Counterion condensation theory of attraction between like charges in the absence of multivalent counterions
Department of Chemistry and Chemical Biology, Rutgers University, 610 Taylor Road, NJ08854-8087, Piscataway, USA
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Accepted: 7 December 2011
Published online: 23 December 2011
There is abundant experimental evidence suggesting the existence of attractive interactions among identically charged polyelectrolytes in ordinary salt solutions. The presence of multivalent counterions is not required. We review the relevant literature in detail and conclude that it merits more attention than it has received. We discuss also some recent observations of a low ionic strength attraction of negatively charged DNA to the region of a negatively charged glass nanoslit where the floor of the nanoslit meets the walls, again in the absence of multivalent ions. On the theoretical side, it has become clear that purely electrostatic interactions require the presence of multivalent counterions if they are to generate like-charge attraction. Any theory of like-charge attraction in the absence of multivalent counterions must therefore contain a non-electrostatic component. We point out that counterion condensation theory, which has predicted like-charge polyelectrolyte attraction in an intermediate range of distances in ordinary 1:1 salt conditions, contains both electrostatic and non-electrostatic elements. The non-electrostatic component of the theory is the modeling constraint that the counterions fall into two explicit populations, condensed and uncondensed. As reviewed in the paper, this physically motivated constraint is supported by strong experimental evidence. We proceed to offer an explanation of the nanoslit observations by showing in an idealized model that the line of intersection of two intersecting planes is a virtual polyelectrolyte. Since we have previously developed a counterion condensation theory of attraction of two like-charged polyelectrolytes, our suggestion is that the DNA is attracted to the virtual polyelectrolytes that may be located in the nanoslit where floor meets walls. We present the detailed calculations needed to document this suggestion: an extension of previous theory to the case of polyelectrolytes with like but not identical charges; the demonstration of counterion condensation on a plane with bare charge density greater than an explicitly exhibited critical value; a calculation of the free energy of the plane; a calculation of the interaction of a line charge polyelectrolyte with a like-charged plane; and the detailed demonstration that the line of intersection of two planes is a virtual polyelectrolyte.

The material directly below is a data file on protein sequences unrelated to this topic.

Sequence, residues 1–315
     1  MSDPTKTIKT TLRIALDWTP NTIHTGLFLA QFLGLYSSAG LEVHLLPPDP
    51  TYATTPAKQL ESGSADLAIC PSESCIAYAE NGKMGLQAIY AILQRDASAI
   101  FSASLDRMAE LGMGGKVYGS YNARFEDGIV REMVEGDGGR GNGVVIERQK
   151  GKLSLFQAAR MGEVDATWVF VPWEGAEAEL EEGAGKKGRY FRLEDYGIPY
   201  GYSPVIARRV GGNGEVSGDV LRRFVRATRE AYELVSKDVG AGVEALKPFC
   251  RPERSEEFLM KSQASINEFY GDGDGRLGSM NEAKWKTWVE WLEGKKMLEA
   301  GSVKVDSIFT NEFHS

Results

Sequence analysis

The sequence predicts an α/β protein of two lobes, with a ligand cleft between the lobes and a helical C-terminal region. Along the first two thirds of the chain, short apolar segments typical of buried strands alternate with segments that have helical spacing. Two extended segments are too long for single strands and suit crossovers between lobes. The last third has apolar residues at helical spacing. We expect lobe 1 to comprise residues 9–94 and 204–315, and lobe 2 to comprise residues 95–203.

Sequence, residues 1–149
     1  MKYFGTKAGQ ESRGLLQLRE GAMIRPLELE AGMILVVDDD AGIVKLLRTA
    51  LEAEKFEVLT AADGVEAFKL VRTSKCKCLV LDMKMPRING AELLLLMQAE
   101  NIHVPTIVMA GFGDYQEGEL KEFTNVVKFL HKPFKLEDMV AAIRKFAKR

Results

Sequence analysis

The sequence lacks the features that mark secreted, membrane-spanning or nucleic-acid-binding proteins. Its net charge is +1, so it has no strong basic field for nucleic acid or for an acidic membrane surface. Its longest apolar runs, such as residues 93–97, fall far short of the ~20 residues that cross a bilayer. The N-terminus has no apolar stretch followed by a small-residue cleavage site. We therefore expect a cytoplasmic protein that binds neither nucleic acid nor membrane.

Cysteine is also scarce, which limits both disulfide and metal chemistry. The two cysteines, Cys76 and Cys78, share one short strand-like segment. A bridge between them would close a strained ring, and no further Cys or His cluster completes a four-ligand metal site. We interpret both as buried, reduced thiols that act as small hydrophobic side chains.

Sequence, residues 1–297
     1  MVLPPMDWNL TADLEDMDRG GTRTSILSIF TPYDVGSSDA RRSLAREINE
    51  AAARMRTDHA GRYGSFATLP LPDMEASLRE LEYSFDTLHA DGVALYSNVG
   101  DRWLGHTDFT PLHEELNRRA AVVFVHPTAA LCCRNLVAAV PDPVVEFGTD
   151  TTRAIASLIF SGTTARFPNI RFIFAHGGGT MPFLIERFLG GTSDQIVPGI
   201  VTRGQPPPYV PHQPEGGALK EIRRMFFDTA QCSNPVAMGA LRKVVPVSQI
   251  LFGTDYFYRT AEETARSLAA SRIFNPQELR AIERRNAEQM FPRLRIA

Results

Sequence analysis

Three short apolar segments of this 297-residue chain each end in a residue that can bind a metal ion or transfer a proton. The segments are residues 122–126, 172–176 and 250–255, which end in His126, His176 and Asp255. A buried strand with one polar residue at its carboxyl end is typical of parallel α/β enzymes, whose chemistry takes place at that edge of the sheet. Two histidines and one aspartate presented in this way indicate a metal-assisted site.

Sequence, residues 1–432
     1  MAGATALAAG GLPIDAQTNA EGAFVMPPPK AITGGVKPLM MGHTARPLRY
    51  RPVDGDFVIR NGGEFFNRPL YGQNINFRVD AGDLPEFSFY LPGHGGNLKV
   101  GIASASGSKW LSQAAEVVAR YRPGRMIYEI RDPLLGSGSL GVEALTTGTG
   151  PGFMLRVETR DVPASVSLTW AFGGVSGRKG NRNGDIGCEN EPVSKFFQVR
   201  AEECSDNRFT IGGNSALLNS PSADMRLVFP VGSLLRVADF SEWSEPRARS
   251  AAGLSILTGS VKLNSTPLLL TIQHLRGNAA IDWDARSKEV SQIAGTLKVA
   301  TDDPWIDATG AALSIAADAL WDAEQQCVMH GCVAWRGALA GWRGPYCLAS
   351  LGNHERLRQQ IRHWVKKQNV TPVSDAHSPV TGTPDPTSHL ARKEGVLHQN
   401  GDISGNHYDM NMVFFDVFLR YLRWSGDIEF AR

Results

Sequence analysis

© EDP Sciences, SIF, Springer-Verlag Berlin Heidelberg, 2011